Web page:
Reporting Suspicious Persons or Activities Help the Port Orange Police Help You



Reporting Suspicious Persons or Activities Help the Port Orange Police Help You …. 

The Port Orange Police Department cannot function effectively without the assistance of concerned, responsible residents and business owners. We are depending on YOU to call and tell us whenever you see suspicious persons, suspicious vehicles or suspicious activity.

Often times some residents fail to call the police simply because they are not aware of what seemingly innocent activities should be considered suspicious. Others may recognize suspicious activity and be hesitant to call. Others often assume that someone else has already called the police. The Port Orange Police Department would rather investigate a potential criminal situation and find nothing than be called after it is already too late and someone has been victimized. Let’s watch out for each other.

As we get into the holiday season, residents and business owners are encouraged to call the police immediately about any suspicious activity, suspicious persons or suspicious vehicles – and do it yourself. Don’t worry about “bothering” the police; it is part of our job to investigate suspicious matters.

Do not worry about feeling embarrassed if your suspicions are wrong; think instead about what could happen if your suspicions are right and you don’t call. You can remain anonymous – we need the information to investigate.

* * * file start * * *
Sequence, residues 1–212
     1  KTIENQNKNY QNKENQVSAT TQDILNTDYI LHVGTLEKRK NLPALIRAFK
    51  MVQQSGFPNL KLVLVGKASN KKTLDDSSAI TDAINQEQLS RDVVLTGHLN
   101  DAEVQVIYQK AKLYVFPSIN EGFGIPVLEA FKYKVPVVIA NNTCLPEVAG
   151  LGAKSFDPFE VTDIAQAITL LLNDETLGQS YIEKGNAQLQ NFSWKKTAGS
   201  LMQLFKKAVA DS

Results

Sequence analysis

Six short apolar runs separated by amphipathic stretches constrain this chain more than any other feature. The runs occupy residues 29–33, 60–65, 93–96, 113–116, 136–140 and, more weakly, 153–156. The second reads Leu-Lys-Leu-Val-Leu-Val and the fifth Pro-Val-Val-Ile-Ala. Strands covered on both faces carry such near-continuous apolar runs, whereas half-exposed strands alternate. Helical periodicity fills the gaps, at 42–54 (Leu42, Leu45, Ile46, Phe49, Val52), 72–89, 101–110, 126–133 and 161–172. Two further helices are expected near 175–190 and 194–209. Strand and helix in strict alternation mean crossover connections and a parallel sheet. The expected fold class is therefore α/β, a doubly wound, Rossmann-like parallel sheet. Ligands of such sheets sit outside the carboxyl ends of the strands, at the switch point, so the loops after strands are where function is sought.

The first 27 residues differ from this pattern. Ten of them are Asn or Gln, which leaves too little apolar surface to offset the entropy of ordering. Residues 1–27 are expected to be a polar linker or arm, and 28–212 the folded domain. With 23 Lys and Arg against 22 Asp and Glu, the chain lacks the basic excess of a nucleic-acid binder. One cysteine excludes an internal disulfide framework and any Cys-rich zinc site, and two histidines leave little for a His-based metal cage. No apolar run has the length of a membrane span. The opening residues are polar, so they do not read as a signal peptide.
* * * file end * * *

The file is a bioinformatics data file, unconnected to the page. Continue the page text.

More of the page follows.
Remember, your call could stop a criminal act, prevent an injury, or possibly even save a life. Working together we can continue to keep Port Orange safe for all to enjoy.

(386) 248- 1777 option #1


Keeping Your Home Safe: Burglary Prevention Tips from Port Orange Police

Many burglars will spend no longer than 60 seconds to try breaking into a home. Good locks — and good neighbors who watch out for each other — can be big deterrents to burglars.



Did you know that in almost half of all completed residential burglaries, thieves simply breezed in through unlocked doors or crawled through unlocked windows?
• Make sure every external door has a sturdy, well-installed dead bolt lock. Key-in-the-knob locks alone are not enough.
• Sliding glass doors can offer easy access if they are not properly secured. You can secure them by installing commercially available locks or putting a broomstick or dowel in the inside track to jam the door. To prevent the door being lifted off the track, drill a hole through the sliding door frame and the fixed frame. Then insert a pin in the hole.
• Lock double-hung windows with key locks or “pin” windows by drilling a small hole into a 44° angle between the inner and outer frames, then insert a nail that can be removed. Secure basement windows with grilles or grates.
• Instead of hiding keys around the outside of your home, give an extra key to a neighbor you trust.
• When you move into a new house or apartment, rekey the locks.



• A lock on a flimsy door is about as effective as locking your car door but leaving the window down.
• All outside doors should be metal or solid wood.
• If your doors don’t fit tightly in their frames, install weather stripping around them.